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Hunt for the lost cell phone
Ek Raj Shivakoti, 28, a cell phone shop owner at Kadaghari in Kathmandu, was spotted at the lost and found department of Metropolitan Police Crime Division, Teku, on Sunday. He went there to follow up the case of his 42 mobile sets which were stolen last October. According to Shivakoti, the total cost of the mobiles sets was about Rs. 500,000 that were looted from his shop at night by breaking the shutter lock.
Nevertheless, Shivakoti is still optimistic to find the stolen mobile sets as the police are tracking the mobile through the IMEI (International Mobile Equipment Identity) number. He said: “Some of the mobiles are being tracked. I hope remaning mobiles will be found soon.
” Metropolitan Crime Division has registered as many as 12,429 cases of mobile theft in the current Fiscal Year 2017/18 until April. Of them, only 20 percent, or 1013, have been retrieved and 14,416 are yet to be found.
Long procedure to track down stolen and lost mobiles
According to sub-inspector Ram Chandra Bhandari at Metropolitan Crime Division, to track down the stolen phones takes a long procedure. Bhandari is handling the cases of stole mobile phones for a long time. Bhandari said the police needed warrant from the Supreme Court to protect right to privacy before tracking down the lost mobiles.
“As soon as we receive green signal from the court, we will send the IMEI numbers to the telecom service providers Nepal Telecom, Ncell, and Smart. They start surveillance of the IMEI numbers,” he said. "The lost phones will be traced if any SIM card is used in it. So, until SIM card is not used, the police cannot do anything."
Not direct access to telecom office
One of the main reasons of not finding the stolen or lost mobile phones is the police's lack of direct access to telecom operators. In many countries, police have direct access to the telecom operators, whereas in Nepal, they have to depend on the government's telecom regulators. To protect the privacy of the customers, telecom officers do not share the database to police. Superintendent of Police Narendra Prasad Upreti told Republica that if they had direct access to the telecom operators, the tracking down of stolen and lost mobile sets would be easier and faster.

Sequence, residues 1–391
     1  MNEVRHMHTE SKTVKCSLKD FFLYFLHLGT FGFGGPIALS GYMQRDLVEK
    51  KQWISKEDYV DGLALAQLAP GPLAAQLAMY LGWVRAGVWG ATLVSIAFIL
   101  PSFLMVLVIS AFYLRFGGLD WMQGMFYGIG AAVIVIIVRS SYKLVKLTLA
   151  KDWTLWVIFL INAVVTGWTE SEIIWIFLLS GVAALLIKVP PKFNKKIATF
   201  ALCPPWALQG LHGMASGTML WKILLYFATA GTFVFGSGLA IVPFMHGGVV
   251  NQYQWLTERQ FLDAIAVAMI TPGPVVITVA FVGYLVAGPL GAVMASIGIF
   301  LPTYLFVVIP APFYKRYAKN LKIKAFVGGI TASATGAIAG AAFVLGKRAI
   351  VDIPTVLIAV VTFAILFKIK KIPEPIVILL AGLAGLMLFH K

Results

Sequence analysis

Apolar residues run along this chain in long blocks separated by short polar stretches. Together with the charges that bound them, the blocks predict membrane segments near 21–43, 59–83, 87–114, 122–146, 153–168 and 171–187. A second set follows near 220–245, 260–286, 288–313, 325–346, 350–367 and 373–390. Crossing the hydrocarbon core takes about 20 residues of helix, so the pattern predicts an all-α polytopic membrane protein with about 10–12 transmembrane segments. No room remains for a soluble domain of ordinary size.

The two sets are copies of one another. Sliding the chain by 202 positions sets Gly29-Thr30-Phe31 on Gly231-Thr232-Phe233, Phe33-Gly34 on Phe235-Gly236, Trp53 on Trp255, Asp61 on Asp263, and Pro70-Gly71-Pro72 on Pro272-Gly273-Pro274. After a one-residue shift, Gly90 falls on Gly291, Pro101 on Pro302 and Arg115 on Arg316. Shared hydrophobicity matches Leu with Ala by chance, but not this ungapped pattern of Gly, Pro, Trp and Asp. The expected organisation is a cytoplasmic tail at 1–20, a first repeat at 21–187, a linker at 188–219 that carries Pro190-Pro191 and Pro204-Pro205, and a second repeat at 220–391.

According to Min Prasad Aryal, spokesperson of Nepal Telecom Authority (NTA), data of the users could be provided only if the court gives permission to the police. Aryal said the NTA was planning to introduce the Equipment Identity Register (EIR) to control or decrease the mobile theft and illegal trading of mobile in Nepal, which will help to increase the revenue.
Export of mobiles to out of range
As the stolen and lost mobiles' IMEI numbers can be tracked down only inside Nepal, mobile thieves send the mobile sets out of the border, mainly to India, said Sub-inspector Ram Chandara Bhandari of Metropolitan Crime Division, Teku. He told Republica that the stolen mobile sets are exported out of Nepal, which is another reason why only few of the stolen phones are found. "Police cannot do anything because it is not possible to find phones out of range,” Bhandari said.
Mobile repair centers use different parts of stolen mobiles
Recent investigation of the Crime Division has shown that mobile repair centers in town buy the stolen sets and use their parts for repairing other mobile sets. According to sub-inspector Bhandari, all parts except motherboard could be reused. "That may also be a reason why most of the stolen and lost mobiles are not found yet,” he added. “We have informed every mobile repairing center not to buy stolen sets but some of them could be buying it,” he added.
Stop buying second-hand Mobiles sets
If you are planning to buy a second-hand mobile from online or anywhere, make sure to verify the identity of the seller. Because, nowadays mobile thieves are selling stolen sets to innocent customers, who get arrested when they insert the SIM card.
According to the investigation of the Crime Division, if people stopped buying second-hand mobile sets, the rate of mobile theft will go down soon. Sub-Inspector Bhandari believed the rate of theft would also be controlled if the thieves did not find buyers.